Cutout villains/heros are simple constructs which is why new writers use them so much. It doesn't take a great amount of effort to make a bad guy who croons over the end of the world whilst twirling his mustache and tying the nubile young thing to the railroad tracks. Snidely Whiplash from Underdog comes to mind. Cartoons are full of these, so are many video games and movies.

Then we have a marvelous villain like Dr Hannibal Lector who is erudite, a genius, knowledgable in many fields, and has a soft spot for Clarice to the point of saving her life.

Maryn
12-06-2008, 06:46 PM
I beg your pardon, but Snidely Whiplash is from Dudley Doright!

Maryn, outraged

Maryn
12-06-2008, 06:52 PM
To me, some characters exist only to fulfill a function in a novel. I don't need to know much about the waiter, the reporter, the loud neighbor, etc. But my protagonist, his/her love interest, and whoever stands in the way of the protagonist's goal are going to have backgrounds which have shaped who they are, habits, likes and dislikes, dreams, families, friends, bills, weaknesses, opinions and tastes, and everything else.

I've known some people who make a very detailed character sheet assigning all these things to the main players in their novels. Not all of it makes it to the page, but knowing all this about one's characters does give you the opportunity to insert individuality into every one.

It's like one of my favorite moments in my Guilty Pleasures of Yore TV shows, Dallas. A conniving character (Cliff) sees someone to their car and says, "Buckle up, now--it's important." No explanation of why, but it made him so much more multidimensional, knowing there had to be a reason he'd say that.

Maryn, who tries to do that with nearly all her characters

tehuti88
12-06-2008, 08:14 PM
To me, almost any character can be intriguing if the writer really manages to get into their head. Even if they as a character don't do much.

This is a problem I have with many books published nowadays. The mere fact that they must be kept under a certain length means that intimate character development is often minimal. Time and words that could be spent getting the reader to really KNOW the character is sacrificed in favor of plot. While I understand why this must happen, it means that, as a result, I don't tend to empathize much with characters in modern published works, unless that work is very long and involved, and we already know why that's not usually the case.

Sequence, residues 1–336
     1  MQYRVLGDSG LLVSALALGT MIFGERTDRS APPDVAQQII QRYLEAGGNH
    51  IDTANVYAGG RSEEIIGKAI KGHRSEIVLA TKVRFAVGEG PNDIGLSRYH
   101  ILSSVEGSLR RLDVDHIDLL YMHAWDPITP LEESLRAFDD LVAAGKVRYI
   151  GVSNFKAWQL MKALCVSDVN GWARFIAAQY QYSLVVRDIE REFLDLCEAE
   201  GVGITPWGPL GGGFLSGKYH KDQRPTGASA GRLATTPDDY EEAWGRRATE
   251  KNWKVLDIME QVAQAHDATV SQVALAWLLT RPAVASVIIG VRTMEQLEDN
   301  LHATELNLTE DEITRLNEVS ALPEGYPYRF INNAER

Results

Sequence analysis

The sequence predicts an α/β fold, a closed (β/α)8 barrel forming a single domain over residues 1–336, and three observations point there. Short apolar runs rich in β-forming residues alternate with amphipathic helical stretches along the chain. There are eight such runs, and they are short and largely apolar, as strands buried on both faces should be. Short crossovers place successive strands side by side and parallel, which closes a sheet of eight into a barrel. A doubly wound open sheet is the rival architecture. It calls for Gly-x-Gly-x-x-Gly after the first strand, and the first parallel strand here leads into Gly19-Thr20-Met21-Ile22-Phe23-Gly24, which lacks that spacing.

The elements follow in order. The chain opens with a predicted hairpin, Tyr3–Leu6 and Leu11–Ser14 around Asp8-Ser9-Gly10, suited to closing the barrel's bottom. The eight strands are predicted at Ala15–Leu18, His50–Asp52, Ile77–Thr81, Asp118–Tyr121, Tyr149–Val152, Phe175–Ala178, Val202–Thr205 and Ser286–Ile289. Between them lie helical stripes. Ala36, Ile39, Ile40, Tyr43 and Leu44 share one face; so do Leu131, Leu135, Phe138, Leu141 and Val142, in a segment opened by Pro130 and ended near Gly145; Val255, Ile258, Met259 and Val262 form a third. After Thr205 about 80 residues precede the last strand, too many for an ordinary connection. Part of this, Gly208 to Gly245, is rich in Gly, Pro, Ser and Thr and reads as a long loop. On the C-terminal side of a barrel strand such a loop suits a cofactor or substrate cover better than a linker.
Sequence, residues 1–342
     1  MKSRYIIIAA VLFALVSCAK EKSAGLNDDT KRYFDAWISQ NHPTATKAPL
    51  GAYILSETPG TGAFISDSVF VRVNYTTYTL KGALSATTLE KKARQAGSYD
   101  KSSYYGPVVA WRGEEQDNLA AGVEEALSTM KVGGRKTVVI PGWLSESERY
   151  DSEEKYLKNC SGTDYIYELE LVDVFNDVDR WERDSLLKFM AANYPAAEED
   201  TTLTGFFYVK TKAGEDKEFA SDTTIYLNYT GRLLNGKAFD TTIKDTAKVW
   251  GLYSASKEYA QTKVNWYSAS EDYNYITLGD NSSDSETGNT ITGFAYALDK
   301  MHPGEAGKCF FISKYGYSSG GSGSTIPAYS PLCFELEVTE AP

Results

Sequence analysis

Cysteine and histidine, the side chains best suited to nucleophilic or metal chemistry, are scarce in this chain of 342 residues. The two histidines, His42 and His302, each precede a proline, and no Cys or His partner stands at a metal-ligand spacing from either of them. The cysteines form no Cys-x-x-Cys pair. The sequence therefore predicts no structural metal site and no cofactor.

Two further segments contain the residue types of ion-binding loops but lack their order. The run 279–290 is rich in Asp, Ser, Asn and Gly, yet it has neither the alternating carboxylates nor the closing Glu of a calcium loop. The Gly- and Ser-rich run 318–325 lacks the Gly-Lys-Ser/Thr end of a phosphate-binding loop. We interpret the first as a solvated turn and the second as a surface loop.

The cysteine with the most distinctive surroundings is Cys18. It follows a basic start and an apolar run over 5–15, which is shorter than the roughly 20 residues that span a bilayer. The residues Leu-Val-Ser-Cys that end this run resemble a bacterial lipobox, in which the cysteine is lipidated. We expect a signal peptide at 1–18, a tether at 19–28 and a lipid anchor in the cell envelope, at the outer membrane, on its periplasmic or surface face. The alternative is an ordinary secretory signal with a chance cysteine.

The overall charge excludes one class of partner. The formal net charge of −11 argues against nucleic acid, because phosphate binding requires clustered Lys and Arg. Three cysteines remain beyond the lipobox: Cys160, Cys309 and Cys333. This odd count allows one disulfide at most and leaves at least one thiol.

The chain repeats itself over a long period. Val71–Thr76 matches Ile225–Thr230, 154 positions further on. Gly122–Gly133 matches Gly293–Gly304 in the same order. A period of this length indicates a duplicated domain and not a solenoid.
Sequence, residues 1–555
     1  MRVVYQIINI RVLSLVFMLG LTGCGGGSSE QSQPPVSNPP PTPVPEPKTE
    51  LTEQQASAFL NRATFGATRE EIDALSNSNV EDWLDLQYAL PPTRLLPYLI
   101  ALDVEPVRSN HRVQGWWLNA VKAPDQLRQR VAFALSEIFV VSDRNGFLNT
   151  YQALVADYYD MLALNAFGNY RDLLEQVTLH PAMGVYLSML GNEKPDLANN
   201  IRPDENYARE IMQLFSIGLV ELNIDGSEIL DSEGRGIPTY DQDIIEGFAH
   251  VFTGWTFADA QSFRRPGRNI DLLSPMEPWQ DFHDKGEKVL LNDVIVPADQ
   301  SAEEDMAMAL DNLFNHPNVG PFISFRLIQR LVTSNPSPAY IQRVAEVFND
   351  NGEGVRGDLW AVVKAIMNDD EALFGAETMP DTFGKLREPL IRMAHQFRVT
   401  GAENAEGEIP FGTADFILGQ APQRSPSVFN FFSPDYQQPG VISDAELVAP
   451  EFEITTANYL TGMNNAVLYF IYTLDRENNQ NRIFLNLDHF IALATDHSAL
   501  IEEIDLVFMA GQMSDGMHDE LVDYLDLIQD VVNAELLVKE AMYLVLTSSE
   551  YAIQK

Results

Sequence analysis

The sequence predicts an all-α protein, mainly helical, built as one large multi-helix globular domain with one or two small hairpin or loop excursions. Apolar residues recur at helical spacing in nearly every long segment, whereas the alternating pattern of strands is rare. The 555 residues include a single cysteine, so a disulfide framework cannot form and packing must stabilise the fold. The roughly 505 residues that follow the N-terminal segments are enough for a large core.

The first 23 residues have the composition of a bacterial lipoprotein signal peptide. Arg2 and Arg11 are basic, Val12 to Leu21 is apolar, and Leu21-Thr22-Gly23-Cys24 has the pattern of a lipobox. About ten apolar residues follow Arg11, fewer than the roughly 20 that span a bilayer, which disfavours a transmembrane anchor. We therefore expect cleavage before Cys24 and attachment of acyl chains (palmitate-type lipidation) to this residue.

There was a "Jonathan Strange & Mr. Norrell" thread a while back and during it I finally realized why I'd enjoyed the story so much. I really got into the characters' heads, which I just can't seem to do in most other published books or other people's stories. Why did this happen with this story and not others, I wondered? I think the massive length of the book is what did it. Not the length itself, but the fact that there was time in the story dedicated to getting into characters' heads and making them three dimensional to me. Most other writers aren't allowed the leisure of putting out such long books, so they can't get into character development as intimately, and I can't empathize as much. The stories may be good but the characters are two dimensional to me.

I realize this offers no SPECIFICS on what makes a 2D versus 3D character, but it's the only common thing I can find when looking at characters that really captured me and ones that didn't. For a long time I figured I was just biased in favor of my own characters, but my stories, too, are lengthy and spend much time getting into characters' heads.

I take a long time to get to know and like people, so it's the same way in writing/reading. Really taking time to get to know a character is what makes them 3D to me.

(Please note that when I say "really taking time to get to know," I mean that getting to know a character fits into the plot and isn't just empty words. I realize some people could misunderstand what I'm saying. Even character development must suit the story.)